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The Ripple Effect

  • Posted on December 6, 2013 at 10:00 AM

The Affordable Care Act. When the law was passed, my family was safe and secure in a state-run program that offered families a way to ease off of medical assistance by providing an opportunity to purchase subsidized insurance when they no longer qualified for fully-funded insurance. I’m not entirely sure how this program really worked, because this month is the first time I made enough to be eligible for the transition and the Affordable Care Act killed the program. Now, my choice is Obamacare or bust.

When President Obama first started pushing this legislation, I wasn’t exactly supportive. On the one hand, we really do have a problem in this country, so there was a part of me that really wanted it to work. On the other hand, this legislation doesn’t do anything to fix the problem, because, as the system stands, healthcare cannot be “affordable” for providers and insurers and the people. Somebody has to lose out on that deal. Seeing as the major supporters of the legislation included providers and insurers, I suspected that the people would be the losers, no matter what the President and his supporters claimed.

When initial estimates for Wisconsin residents were released, all the evidence pointed to the people being the big losers. Recently debated figures indicate a rate increase of 10-185% due to the legislation that makes health insurance “affordable.” Since I cannot afford health insurance independently, my only hope of providing my husband and me with adequate coverage is to hope and pray for adequate subsidies (my children are still covered through Wisconsin’s disability-related insurance program). The only way to access those subsidies is to go through the program run by the federal government.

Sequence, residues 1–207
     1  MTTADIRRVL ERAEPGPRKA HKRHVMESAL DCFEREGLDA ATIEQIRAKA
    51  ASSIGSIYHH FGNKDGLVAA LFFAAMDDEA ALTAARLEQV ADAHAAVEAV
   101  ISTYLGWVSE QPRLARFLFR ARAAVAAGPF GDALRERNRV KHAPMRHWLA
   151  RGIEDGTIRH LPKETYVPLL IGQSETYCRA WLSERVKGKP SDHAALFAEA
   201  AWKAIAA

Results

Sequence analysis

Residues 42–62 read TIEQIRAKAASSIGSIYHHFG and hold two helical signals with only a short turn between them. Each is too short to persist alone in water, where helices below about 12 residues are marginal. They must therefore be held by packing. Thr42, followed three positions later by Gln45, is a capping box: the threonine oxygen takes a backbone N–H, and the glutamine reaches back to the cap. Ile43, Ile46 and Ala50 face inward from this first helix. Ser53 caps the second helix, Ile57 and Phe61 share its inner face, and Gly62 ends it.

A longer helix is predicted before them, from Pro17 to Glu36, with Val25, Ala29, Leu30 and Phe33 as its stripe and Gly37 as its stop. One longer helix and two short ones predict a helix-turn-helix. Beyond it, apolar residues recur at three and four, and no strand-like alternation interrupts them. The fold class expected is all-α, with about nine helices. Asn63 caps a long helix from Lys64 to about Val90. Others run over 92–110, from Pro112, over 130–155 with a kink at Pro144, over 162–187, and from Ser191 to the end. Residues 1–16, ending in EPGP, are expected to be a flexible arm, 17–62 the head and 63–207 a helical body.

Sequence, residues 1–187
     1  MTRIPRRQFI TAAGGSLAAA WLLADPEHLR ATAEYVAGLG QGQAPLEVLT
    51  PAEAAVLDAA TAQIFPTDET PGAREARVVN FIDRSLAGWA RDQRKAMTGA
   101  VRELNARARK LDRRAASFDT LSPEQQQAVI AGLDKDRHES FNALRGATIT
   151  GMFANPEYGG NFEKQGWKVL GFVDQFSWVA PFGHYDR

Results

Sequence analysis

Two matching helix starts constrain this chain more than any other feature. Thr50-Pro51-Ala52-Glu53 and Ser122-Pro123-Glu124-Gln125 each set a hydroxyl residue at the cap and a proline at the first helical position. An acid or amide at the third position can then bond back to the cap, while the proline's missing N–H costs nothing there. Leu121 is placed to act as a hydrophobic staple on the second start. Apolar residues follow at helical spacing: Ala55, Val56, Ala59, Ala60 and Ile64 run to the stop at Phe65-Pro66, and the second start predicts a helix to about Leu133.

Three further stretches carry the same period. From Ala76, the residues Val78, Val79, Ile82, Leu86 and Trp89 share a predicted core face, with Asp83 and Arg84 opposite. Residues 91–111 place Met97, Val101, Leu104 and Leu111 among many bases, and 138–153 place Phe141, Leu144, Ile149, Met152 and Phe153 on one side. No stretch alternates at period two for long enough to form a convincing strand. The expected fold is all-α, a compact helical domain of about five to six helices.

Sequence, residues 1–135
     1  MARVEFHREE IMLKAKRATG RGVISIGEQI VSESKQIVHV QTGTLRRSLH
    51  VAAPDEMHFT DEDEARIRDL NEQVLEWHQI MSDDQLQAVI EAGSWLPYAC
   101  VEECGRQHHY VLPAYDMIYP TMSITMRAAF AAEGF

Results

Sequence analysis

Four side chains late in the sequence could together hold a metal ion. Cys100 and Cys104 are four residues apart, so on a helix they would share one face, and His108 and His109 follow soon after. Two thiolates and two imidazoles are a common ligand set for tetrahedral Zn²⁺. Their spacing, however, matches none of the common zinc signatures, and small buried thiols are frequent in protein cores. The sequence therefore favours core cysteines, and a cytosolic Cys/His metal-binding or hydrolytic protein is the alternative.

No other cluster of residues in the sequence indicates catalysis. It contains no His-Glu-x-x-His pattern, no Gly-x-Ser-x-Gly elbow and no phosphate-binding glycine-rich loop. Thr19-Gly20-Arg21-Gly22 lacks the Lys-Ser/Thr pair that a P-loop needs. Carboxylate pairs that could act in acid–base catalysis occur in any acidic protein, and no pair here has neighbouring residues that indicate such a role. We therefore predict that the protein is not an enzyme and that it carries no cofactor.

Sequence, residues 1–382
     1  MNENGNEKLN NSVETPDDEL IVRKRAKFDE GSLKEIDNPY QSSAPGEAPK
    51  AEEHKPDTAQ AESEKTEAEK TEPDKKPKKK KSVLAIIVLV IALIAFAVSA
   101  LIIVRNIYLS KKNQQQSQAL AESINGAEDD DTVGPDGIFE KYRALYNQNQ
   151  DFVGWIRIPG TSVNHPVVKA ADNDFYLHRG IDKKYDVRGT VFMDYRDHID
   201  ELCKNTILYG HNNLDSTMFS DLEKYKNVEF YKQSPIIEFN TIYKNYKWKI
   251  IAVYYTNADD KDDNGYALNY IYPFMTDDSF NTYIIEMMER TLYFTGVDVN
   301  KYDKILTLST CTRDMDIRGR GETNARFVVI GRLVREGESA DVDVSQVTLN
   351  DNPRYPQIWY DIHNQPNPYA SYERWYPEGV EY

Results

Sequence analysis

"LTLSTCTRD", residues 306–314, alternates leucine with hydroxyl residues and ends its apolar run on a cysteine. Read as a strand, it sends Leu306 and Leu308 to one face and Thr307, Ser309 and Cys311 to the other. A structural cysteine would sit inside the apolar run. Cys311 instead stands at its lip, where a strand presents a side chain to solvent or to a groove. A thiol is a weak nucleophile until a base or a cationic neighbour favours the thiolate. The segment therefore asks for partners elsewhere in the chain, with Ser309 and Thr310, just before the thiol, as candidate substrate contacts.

This is all the more complicated by the very unsuccessful roll-out of the new website. When I discovered that I would be forced to use President Obama’s hallmark legislation to provide my husband and me with insurance, I was also taking a class about the crossroads of technology and public administration. Let’s just say that the disaster that is seems so much worse when you’re actually informed and leave it at that. Okay, I’ll throw this in too: After discovering how important online security really is, I really have no interest in loading up confidential financial information on a site that hasn’t passed its security tests because those tests were deemed too time-consuming under such a tight deadline.

The problem is that I don’t have any good choices. I can either go without insurance, which means my husband will go without prescription medication, or I can let the federal government take even greater control over my life. Either I pay a penalty for having no insurance or I pay more than I can afford for insurance that I cannot afford to use effectively. The only other option is to give up the freedom of self-employment in favor of a job that will provide insurance I can actually afford, if there are any employers who can still afford to provide insurance to their workers after this whole mess shakes out.